I met Hester and Harold Diamond through a mutual friend in the late 1970s. I was invited to their home one evening for dinner and I immediately found them and their friends to be among the most fascinating people I have ever known. Their apartment was filled with paintings and sculptures by artists whose work was only known to me from museums or reproductions in books: Kandinsky, Brancusi, Picasso, Léger, Mondrian. Harold was an art dealer, and although he grilled me at that first meeting for whatever sources of art works in private collections I might be in a position to provide, he did so in the most charming and engaging way imaginable. Indeed, to me, Harold was pure entertainment. There was not a topic of conversation that he did not make more interesting, more possibly due to his delivery than whatever he was talking about. I was then writing my dissertation on the circle of artists and writers who congregated at the apartment of Walter and Louise Arensberg during the years of World War I, and these dinners with the Diamonds were the closest to an artistic salon that I had ever personally experienced. You never knew who you would meet at dinner—collectors, dealers, writers, musicians, artists and widows of artists— but you always knew they would be among the most interesting people to whom you would ever have the pleasure of being introduced. There must have been something about me that the Diamonds found worthwhile, too, because they kept inviting me back, and, as a result, I could rely upon a wonderfully cooked and delicious meal in the presence of great company on a regular basis for the next forty years.
“Although the guests at her dinner parties remained fascinating, whenever we arrived at her home, the first thing she wanted us to see was her newest acquisition, which she presented with the excitement of a child unwrapping a present.”
After Harold died, Hester continued inviting me to dinner and, I am proud to say, usually arranged for me to sit right next to her, as we would exchange stories not only about the art world, but about events in our lives that we wanted to share with one another. She was the consummate host, greeting her guests warmly and making them feel comfortable in such obviously opulent surroundings. She was always elegantly dressed and, although she came from comparatively modest means, she radiated an air of sophistication and elegance that was completely natural and without pretense.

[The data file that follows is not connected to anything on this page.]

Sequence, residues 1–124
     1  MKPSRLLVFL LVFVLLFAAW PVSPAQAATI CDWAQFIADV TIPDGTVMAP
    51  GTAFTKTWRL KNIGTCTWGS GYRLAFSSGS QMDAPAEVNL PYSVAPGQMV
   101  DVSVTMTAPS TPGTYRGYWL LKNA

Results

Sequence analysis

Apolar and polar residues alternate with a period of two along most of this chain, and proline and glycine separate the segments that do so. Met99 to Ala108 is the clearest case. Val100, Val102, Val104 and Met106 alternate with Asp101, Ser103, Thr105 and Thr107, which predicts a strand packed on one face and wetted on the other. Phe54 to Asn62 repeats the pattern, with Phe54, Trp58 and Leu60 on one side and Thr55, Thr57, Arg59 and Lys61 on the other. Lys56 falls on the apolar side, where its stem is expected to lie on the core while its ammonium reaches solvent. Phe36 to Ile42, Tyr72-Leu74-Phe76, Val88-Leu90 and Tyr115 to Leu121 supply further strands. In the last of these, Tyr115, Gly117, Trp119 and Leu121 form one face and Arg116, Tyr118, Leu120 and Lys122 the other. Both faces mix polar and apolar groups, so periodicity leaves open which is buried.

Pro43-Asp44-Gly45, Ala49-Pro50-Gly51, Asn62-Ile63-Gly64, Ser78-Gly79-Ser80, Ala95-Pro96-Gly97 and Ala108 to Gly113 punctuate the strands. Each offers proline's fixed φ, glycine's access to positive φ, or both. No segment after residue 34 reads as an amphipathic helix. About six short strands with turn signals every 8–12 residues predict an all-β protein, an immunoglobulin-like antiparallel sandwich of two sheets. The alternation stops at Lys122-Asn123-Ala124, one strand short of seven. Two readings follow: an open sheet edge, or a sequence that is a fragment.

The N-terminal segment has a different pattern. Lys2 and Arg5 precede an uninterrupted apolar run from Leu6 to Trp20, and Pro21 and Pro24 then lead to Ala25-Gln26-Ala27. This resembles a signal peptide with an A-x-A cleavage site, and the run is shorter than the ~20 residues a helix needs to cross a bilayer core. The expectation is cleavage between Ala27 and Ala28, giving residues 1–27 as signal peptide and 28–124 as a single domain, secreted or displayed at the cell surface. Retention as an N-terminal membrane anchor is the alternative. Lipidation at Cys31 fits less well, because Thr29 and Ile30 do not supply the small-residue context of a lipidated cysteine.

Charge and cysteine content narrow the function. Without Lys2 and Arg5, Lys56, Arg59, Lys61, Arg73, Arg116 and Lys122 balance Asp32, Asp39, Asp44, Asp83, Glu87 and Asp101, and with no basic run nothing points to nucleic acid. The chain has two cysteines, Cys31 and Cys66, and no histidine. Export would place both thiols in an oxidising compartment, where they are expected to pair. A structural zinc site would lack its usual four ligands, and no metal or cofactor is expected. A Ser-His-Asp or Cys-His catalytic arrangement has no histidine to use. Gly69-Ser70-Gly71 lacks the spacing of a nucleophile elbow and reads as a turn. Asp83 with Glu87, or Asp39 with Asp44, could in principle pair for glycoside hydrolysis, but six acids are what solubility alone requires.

In the late 1980s, I met Hester by chance one day on Madison Avenue. She had just come out of a hair appointment, and, because my twin brother Otto was an Old Master dealer with a gallery on 80th Street, I invited her to stop by for a visit. We found “Although the guests at her dinner parties remained fascinating, whenever we arrived at her home, the first thing she wanted us to see was her newest acquisition, which she presented with the excitement of a child unwrapping a present.” him engaged with a class of students, explaining the intricacies of certain Dutch and Flemish paintings, and Hester got hooked. She bought her first Old Master painting from Otto (a Flemish painting of a Crucifixion that she later deaccessioned, because she felt that it did not live up to the quality of other works she subsequently acquired). A few days after she bought the picture, she called me and said that I should receive a commission. I refused, because I said she was my friend. She explained that she also invites her doctor to dinner on a regular basis and considers him a friend, but he would never think of not sending her a bill for his services, so why not me? Eventually, upon her insistence, I acquiesced, and told her that I had my eye on the replica of a Frank Lloyd Wright table I had seen at the Design Center in Queens. Since she worked as an interior decorator, she received a substantial discount on the purchase of new furniture, so she bought the table and arranged for it to be sent to my apartment. I still have that table and it reminds me of Hester and her generosity every time I see it.
Over the years, Hester would continue to invite me to her dinner parties and, when I got married in the early 1990s, she also became friends with my wife Terry. Over the years, we watched and marveled as her home grew in size (she acquired the apartments adjacent to hers) and changed dramatically in style (with furnishings that were as strikingly new and colorful as the art works were historic and old). We both got to know her second husband, Ralph Kaminsky, and, through him, the world of classical and avant-garde music, and then later, her third husband Dave Wilson, with whom I shared an interest in flying small, single engine planes. Although the guests at her dinner parties remained fascinating, whenever we arrived at her home, the first thing she wanted us to see was her newest acquisition, which she presented with the excitement of a child unwrapping a present. Every work of art had its story, and she loved telling the details of how she found it, whether in a gallery, at an art fair, or how a specific work of art caught her attention in the crowded, dusty storeroom of an antiquarian dealer in Europe. She was always on the quest for something new, and she was always anxious to share the excitement of her newest discovery with her wide, and seemingly endless circle of friends.
About the Author
Francis M. Naumann
Art Historian and Dealer